The Biomechanical Obscenity In the Work of H.R. Giger
When we watched the film "Alien" (1979), directed by Ridley Scott, we might not have realized it, but it's there: an imposing phallic structure forming the head of the alien creature (Fig.1) that relentlessly pursued the crew of the Nostromus spaceship. Since the scenes featuring the creature were often shrouded in dim lighting, this detail escaped our notice. Additionally, the inner openings of the alien ship resembling a vaginal form. These sexual allusions are not uncommon in the creations of Swiss artist H.R. Giger, who was responsible for designing the alien and a portion of the set. Indeed, sexual themes are a distinctive characteristic of his work, which is renowned for its airbrushed images blending human bodies with machines, a style known as "biomechanics."
H.R. Giger was born in Switzerland in 1940. His father, a pharmacist, initially discouraged him from pursuing a career in art, considering it a "breadless" profession. However, in 1962, Giger moved to Zurich and graduated in architecture and industrial design from the School of Applied Arts in 1966. After graduation, he worked as a designer for Andreas Christen, contributing to an office furniture program for Knoll International. That same year, he met actress Li Tober, with whom he fell deeply in love and held his first exhibition at the Galerie Benno in Zurich. Giger, with the assistance of his friend and collector HH Kunz, also produced posters of his work, which were distributed worldwide, contributing to his recognition.
Giger initially began his artistic journey with ink drawings before transitioning to oil paintings. However, his preference for the airbrush led him to create monochromatic compositions depicting landscapes immersed in a nightmarish atmosphere. Furthermore, he experimented with pastels, markers, and paint in his creative pursuits.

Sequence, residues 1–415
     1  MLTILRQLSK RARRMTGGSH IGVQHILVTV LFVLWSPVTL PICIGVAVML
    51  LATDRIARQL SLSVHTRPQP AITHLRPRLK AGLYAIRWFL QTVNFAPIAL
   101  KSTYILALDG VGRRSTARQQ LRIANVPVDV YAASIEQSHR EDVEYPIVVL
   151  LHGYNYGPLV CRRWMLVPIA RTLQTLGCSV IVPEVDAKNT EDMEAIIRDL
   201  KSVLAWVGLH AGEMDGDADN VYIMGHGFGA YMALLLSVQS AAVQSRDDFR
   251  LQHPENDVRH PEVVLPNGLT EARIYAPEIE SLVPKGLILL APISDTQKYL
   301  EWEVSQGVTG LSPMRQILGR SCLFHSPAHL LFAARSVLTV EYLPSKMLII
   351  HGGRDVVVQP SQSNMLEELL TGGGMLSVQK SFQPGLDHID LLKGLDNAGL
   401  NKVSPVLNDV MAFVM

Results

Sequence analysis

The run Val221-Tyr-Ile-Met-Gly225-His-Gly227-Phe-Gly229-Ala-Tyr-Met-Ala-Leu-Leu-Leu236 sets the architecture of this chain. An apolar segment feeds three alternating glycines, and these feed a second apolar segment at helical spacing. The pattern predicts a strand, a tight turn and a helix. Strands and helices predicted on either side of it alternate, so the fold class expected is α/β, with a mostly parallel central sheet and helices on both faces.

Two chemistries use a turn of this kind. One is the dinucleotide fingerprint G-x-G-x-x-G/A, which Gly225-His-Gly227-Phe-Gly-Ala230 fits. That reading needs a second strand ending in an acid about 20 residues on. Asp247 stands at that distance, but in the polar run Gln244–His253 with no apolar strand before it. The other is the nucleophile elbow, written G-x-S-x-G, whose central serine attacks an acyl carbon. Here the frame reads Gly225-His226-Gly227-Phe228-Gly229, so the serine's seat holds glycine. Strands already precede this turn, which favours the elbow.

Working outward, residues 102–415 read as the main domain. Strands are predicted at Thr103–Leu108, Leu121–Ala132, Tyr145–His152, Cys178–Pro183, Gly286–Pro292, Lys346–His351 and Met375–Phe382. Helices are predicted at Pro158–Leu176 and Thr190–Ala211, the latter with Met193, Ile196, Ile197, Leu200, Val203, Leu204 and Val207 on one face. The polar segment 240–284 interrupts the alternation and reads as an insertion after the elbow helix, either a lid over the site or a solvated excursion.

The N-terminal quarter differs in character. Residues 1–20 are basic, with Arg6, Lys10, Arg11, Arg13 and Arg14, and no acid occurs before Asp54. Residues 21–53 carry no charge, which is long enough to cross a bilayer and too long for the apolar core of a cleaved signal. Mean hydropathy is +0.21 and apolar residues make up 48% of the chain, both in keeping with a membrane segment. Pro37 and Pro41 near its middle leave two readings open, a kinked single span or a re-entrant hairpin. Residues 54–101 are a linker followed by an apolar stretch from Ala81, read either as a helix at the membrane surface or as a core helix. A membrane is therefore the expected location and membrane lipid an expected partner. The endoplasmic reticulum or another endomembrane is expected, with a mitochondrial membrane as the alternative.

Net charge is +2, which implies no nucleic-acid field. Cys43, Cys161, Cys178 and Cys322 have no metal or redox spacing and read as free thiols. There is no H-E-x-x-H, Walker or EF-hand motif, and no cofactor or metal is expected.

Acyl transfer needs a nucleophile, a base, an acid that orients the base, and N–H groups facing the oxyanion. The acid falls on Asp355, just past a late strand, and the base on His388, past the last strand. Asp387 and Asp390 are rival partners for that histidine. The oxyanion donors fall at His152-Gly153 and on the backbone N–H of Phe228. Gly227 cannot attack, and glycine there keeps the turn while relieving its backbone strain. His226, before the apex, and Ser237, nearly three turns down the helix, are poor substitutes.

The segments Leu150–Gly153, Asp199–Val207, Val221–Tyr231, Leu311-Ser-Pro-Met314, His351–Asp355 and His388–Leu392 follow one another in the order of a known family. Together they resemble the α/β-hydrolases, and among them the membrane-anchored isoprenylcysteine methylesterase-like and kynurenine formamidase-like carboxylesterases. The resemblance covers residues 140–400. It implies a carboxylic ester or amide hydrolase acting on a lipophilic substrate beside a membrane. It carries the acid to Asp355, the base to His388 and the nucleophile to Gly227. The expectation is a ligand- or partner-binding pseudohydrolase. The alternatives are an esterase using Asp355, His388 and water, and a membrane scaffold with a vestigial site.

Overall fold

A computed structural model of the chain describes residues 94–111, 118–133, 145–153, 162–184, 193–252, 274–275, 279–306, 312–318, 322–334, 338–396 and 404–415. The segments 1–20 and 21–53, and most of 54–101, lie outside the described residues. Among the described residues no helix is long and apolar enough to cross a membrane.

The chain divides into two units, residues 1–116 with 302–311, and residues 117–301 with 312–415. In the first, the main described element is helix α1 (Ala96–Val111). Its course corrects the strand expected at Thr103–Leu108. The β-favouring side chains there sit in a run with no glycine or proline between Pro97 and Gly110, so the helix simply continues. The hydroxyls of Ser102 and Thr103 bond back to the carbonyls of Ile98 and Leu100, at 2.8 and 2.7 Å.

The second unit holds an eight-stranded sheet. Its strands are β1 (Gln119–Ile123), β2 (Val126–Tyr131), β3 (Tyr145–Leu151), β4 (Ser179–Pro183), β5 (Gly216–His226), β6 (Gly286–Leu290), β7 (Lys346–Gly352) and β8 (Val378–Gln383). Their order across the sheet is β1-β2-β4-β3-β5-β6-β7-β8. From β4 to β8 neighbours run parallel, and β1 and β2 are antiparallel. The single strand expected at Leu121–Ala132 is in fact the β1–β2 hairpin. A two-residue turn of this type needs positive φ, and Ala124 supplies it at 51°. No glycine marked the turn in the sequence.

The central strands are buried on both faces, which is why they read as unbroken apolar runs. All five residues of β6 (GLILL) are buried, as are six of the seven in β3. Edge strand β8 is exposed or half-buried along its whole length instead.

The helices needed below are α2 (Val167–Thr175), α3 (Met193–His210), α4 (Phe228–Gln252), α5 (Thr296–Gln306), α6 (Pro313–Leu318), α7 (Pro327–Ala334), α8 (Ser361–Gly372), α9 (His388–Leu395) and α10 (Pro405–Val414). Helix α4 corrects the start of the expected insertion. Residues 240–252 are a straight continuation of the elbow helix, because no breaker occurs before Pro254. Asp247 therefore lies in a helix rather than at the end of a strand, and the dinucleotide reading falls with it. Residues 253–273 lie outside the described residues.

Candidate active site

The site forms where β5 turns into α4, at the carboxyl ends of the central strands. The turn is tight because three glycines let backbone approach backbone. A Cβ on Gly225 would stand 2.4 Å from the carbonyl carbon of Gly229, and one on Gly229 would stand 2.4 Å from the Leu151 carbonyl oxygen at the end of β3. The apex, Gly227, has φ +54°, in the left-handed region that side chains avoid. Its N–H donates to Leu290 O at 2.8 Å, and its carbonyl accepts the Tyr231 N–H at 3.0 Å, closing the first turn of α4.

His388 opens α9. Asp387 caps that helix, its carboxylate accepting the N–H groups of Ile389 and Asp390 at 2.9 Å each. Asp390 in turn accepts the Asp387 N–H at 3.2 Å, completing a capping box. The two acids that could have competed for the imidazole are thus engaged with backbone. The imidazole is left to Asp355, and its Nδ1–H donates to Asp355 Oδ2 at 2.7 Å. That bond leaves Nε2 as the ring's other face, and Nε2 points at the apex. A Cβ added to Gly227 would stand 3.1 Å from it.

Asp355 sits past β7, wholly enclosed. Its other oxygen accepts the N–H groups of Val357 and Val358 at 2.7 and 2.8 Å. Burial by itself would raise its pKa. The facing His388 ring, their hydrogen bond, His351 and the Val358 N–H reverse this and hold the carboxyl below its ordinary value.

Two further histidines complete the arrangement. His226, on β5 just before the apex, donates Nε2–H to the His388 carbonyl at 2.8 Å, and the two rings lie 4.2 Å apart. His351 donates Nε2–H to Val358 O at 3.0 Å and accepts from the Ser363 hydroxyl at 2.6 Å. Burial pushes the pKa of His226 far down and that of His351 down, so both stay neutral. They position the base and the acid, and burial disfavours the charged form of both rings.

Fig7. Li II (work 251) (1973/1974)
Oscar For Special Effects
In 1978, H.R. Giger published his book "Necronomicon," inspired by the writings of H.P. Lovecraft. The book came to the attention of Dan O'Bannon, who shared it with Ridley Scott. The English filmmaker was so captivated by Giger's work that he promptly enlisted him to work on the film "Alien." His contributions to the film earned him the Oscar for special effects in 1979, thrusting him into the limelight but also burdening him with numerous interviews about the film.
Fig.11. Upper image : 'The Spell', H.R. Giger. The depicted woman was Giger's partner, Li, who died in 1975.
Fig.12a. Cover illustration for Heavy Metal Magazine, Volume 4, nr. 3 (June 1980)
While the erotic and sexual elements of Giger's work are somewhat subdued in cinema, they are essential components of the artist's imagination, as evident in his most well-known books, "Necronomicon I and II." Through biomechanical art Giger crafted enigmatic forms and structures, aiming to captivate viewers with figures bearing alien and demonic attributes. These beings are depicted in poses not intended to arouse but rather to invite contemplation of bodies fused with machines, entangled with grotesque entities. Amidst the orgy of monochromatic tones, the image of Li Tober appears recurrently, perhaps serving as a means the artist to deal with the suicide she committed in 1975, which left a profound impact on him.
In the exclusive Premium edition of this article more on Giger's choice of abandoned factories and desolate settings, his inclusion of gigantic phalluses, his portrayals of bestial nature, views on body and machines, and much more of his artwork.
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